Grace’s best friend, Hanna, says she understands what he’s going through. But she doesn’t. She can’t. As her twin, Mark should have known Grace as well as he knows himself. Yet when he reads her journal, it’s as if he didn’t know her at all.

As a way to remember Grace, Hannah convinces Mark to complete Grace’s bucket list from her journal. Mark’s sadness, anger, and growing feelings for Hanna threaten to overwhelm him, but Mark can’t back out. He’s made a promise to honour Grace, and this is his one chance to set things right.


There Will Come a Time was another one of those books about grief and death, but not one that should be overlooked. This book is ultimately about what makes us the person we are, and that was really interesting to read about. This book poses the question: if you lose your twin, do you lose yourself? I liked seeing the journey the characters went on to try and figure out their place in the world again when someone close to them has gone. I think the fact that the main character is a twin and his twin tragically died was the real hook in this book. I’ve read a lot of books similar to this one now and without that, it would have felt slightly repetitive and unoriginal.

I liked how strong this book started off. It told me everything I wanted to know and sometimes and there was no mystery behind the events, which meant that it was easy to dive right into this novel and not be questioning things. I felt as though I was immediately a part of Mark’s world and I was enveloped in his feelings and thoughts. And while that was engrossing, it wasn’t always enjoyable. Let me explain. Being in the mind of someone like Mark – someone so broken by their loss – is a difficult thing to experience. We see first hand how he is feeling and what he is thinking, and that’s very confronting at times. His pain and agony felt incredibly real, but I’m grateful that this book was so raw and realistic.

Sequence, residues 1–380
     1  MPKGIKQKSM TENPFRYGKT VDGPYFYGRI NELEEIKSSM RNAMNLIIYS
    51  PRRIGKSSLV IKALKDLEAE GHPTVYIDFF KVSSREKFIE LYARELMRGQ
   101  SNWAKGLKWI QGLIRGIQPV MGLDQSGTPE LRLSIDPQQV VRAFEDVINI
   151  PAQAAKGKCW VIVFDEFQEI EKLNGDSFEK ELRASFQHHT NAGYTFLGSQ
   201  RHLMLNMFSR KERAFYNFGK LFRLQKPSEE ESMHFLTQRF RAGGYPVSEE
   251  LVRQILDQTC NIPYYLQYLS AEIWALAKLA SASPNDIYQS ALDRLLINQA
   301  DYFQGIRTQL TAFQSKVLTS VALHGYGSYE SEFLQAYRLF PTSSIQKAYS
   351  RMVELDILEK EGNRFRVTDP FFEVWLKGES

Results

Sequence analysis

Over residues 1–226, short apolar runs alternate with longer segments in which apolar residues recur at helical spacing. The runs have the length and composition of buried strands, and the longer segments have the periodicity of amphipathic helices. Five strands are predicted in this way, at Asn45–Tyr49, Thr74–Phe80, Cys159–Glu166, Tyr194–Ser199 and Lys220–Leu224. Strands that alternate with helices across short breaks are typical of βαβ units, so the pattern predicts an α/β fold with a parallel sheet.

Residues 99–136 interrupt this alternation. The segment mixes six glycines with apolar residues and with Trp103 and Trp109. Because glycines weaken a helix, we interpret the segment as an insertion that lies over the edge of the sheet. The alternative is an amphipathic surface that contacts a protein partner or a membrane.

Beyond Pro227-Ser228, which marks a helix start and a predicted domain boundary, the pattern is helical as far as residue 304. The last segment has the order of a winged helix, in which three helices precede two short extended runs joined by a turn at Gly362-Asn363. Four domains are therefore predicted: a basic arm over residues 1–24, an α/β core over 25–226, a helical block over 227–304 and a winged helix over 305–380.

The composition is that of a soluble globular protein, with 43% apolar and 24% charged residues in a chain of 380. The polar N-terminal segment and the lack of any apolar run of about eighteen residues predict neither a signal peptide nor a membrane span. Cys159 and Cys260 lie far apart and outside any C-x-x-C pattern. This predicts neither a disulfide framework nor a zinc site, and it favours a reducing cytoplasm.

There was a particular aspect of this book that reminded me of Since You’ve Been Gone by Morgan Matson, but definitely a lot more sad. Of course. Have you not read any books by Morgan Matson? You’re practically bound to read them with a smile on your face. So what I mean when I say it reminded me of that particular Morgan Matson book is that Mark discovers Grace’s journal and a list of things that she wanted to do that year. Then, of course, Mark and some of his close friends decide to do the things on Grace’s list in her honour. That was genuinely beautiful and I loved seeing how Mark wasn’t completely on board with the idea at first but he finally embraced the list and decided to live for Grace as well as himself.